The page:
It’s like being in a club. I see other guys in John Deere Owner Edition hats, and we wink at each other. We’re in. You’re not.

Alas, there was no beer as I mowed the lawn last night being “beer-free Tuesday” (not nearly as fun as free-beer Friday). The Boy got bored with riding after the first thirty minutes, and I thought I had lost him to the swing set for the night. Instead, he started running behind the mower as I mowed. I have no idea why. Since the lawn is really, really, really big (300’ by 100’ – football field size) I figure he ran about a mile. He kept up with the John Deere when it was in fifth gear (yes, it has a fifth gear) without much problem.

After mowing, I proceeded to cut up and stack a half a cord of wood, and then decided to take the sledgehammer and wedge and crack a few pieces of spruce in half. Nothing makes you feel more like Thor than having the big hammer.

That’s when The Mrs. drove up.

“Hi,” I innocently say.

“John, did you know that it’s almost 10:30?”

I shake my head, and The Mrs. continues, “It’s past his,” she jerks her thumb at The Boy, “bedtime by about two hours.”

I become sheepish. Okay, I messed this up.

Between the extra two hours of up time and the sixteen miles he ran behind the tractor, The Boy indicated that he had a great desire to become part of the food chain, preferably as a consumer, but if no food was coming, he wouldn’t mind being fed to wolves.

I fixed soup. Mmm, mmm, good™.

The New Boy, who can hear a mosquito change it’s mind in Seattle, picked that moment to wake up from his slumber. He wailed that he wanted food as well. The Mrs. grumbled, “This was just what it was like when I left, all three of you clamoring for attention.”

We put The Boy and The New Boy in bed, and sat in the front room, talking. The clamor started from the other room. First The New Boy started to burble, and laugh. Then The Boy cried. He finally yelled, “Daaaaddddddy.”

I entered the room only to see my five-year-old crying on his bed, while the grinning fool that is his brother stood, bounced, and drooled in his crib. Hey, bro, it’s party time!

I explained that he and The New Boy shared a room. He steadfastly stuck to the position that The New Boy was the spawn of Satan, and should be housed in a box filled with greasy rags in the garage. I finally relented, and put left to prepare the portable crib in the other room for The New Boy. Principle is one thing, but sleep is another. As I was leaving the room to get the other room ready, The Boy screeched, "Hey, Dad, you forgot the baaaaaby."

It was midnight.

And bright daylight outside.

Dang, I’m tired today.

In other news, I got an e-mail about another movie. This looks good:

It’s got Lance Henriksen (he was the robot in Aliens, Frank Black in Millennium), Claudia Christian (Ivanova from Babylon 5) and Sean Young (good in Stripes, but I hear just a bit nutty in reality). Full disclosure: I get a copy of the flick. Fuller disclosure: I would rent/buy this one anyway, just for the actors involved. I know that my penchant for horror movies drives The Mrs. a bit nuts, but she would grab this one first if I didn’t see it. As you can also see, this movie deals with a subject matter that we are not unfamiliar with.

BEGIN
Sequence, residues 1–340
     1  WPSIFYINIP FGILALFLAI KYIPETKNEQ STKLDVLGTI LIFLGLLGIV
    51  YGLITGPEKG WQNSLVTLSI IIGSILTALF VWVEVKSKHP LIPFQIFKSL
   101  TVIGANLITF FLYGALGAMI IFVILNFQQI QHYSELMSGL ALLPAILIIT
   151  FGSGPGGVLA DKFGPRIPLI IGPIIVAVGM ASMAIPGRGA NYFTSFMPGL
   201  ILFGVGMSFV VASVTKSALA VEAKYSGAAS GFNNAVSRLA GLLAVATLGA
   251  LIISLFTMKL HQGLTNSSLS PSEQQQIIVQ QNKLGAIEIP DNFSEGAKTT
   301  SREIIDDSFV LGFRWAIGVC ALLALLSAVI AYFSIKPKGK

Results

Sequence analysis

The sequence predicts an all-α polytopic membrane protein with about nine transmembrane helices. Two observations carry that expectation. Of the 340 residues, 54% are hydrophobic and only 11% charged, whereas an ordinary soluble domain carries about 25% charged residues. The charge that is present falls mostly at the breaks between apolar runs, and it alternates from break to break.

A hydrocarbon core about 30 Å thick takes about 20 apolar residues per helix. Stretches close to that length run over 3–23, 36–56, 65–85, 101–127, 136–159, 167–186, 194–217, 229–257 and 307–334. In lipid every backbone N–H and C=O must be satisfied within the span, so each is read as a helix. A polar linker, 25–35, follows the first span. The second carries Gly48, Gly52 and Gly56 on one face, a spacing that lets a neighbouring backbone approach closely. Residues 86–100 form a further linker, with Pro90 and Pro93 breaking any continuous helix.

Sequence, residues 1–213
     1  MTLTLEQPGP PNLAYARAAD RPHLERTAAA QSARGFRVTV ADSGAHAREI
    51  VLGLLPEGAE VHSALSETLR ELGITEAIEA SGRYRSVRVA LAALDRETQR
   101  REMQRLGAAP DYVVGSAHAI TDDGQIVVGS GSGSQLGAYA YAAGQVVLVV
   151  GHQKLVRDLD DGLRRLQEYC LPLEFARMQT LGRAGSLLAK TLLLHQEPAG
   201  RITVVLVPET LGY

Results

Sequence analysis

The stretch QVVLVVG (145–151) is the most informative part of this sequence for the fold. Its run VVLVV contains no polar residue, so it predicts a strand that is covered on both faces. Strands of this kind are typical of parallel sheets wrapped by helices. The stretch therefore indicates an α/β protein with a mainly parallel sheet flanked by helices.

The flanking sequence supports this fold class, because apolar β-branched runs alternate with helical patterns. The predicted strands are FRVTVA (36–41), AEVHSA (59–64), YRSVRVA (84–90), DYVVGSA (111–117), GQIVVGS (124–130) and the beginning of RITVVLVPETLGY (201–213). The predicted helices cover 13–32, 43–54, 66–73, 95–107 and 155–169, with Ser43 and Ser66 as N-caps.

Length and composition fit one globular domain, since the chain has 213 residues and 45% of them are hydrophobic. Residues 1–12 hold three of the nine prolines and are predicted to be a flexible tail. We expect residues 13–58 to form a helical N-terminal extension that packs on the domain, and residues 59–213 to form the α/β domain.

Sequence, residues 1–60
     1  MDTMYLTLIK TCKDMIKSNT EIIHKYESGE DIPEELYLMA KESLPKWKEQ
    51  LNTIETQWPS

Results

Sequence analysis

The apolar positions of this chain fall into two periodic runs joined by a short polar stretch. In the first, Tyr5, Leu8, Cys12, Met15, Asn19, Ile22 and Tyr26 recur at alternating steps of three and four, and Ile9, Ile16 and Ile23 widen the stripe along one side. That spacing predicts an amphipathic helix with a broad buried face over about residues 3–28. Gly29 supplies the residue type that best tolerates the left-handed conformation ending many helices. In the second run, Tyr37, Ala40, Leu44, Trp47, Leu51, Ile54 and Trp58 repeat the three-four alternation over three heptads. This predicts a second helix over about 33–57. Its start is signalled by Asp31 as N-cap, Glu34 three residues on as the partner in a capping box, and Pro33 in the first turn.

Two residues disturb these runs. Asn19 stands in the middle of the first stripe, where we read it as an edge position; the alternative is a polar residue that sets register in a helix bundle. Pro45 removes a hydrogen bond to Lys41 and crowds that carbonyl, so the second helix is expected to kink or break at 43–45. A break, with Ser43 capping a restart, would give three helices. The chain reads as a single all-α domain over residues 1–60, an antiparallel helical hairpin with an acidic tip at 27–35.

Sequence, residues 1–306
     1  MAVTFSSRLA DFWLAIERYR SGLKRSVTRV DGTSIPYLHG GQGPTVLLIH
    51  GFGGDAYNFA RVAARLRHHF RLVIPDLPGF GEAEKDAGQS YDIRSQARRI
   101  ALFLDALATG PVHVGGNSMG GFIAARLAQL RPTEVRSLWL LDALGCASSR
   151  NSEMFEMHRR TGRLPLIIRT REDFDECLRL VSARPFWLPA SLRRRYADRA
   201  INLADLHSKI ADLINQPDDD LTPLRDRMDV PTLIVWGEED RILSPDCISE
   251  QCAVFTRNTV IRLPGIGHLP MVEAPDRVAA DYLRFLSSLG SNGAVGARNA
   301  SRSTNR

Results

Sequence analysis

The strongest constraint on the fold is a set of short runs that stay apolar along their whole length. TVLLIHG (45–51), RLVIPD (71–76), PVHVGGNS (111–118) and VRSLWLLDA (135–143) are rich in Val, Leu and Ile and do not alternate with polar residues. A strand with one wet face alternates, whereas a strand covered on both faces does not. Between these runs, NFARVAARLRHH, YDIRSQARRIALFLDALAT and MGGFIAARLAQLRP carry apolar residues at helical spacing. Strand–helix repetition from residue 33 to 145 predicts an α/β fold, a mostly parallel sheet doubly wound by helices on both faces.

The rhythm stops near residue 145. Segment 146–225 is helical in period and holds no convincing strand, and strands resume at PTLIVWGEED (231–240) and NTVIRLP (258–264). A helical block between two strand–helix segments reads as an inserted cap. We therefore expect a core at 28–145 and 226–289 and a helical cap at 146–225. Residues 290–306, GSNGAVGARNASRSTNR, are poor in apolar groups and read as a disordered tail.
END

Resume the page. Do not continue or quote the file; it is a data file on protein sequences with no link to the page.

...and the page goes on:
Alrighty. Goodnight.

Sunday, June 11, 2006

"If playground rules are not in effect, this is anarchy." - Kelso, That 70's Show

The Boy, swinging on the new swing set. The drill press, being drilly and pressy, sits to his right.

This was the second weekend of the swing set. I know I could have bought a kit, but that didn’t seem Alaska-y at all. It seemed a bit more fair, somehow, to at least buy the boards and screws and figure it out myself.

Yesterday, The Mrs. and I went to Home Despot. There, the main goal of The Mrs. was to find some flowers to plant out front of our house. We bought bulbs and planted them last fall, but in the end I think they gave up just rotted in the soil. The Mrs. got some actual live plants to kill this time.

An aside, it seems as if The Mrs. can kill any plant. If Bird Flu® (Run, Hide, Scream!™)were a plant, well, the salvation of mankind might be for The Mrs. to be put on the case. I kid. She’s been successful at growing tomatoes, which the dogs promptly ate before they ripened.

Home Despot was our spot. The Mrs. brought The New Boy in her car, and The Boy and I rode in my 1936 (seems that old) Ford truck. The Boy loves the Ford truck, since he can sit up front without fear that some safety device would explode and injure him. I believe it was the economist, Thomas Sowell, who said that if economists were inventing car safety devices, the best one would consist of a six-inch long razor-sharp knife stuck smack dab in the middle of the steering wheel. I think that would curb aggressive driving, too. As it is, I view air bags in a similar light, and am actually a bit irritated that I can’t buy a car without them because some lobby or other decided that all cars should have them. On behalf of all three of us that think this whole car-safety thing has gone a bit far, thanks a lot, pal.

Anyhow, car safety device irritation aside, The Mrs. brought a selection of hard to kill plants that she placed in our front yard. I bought lumber.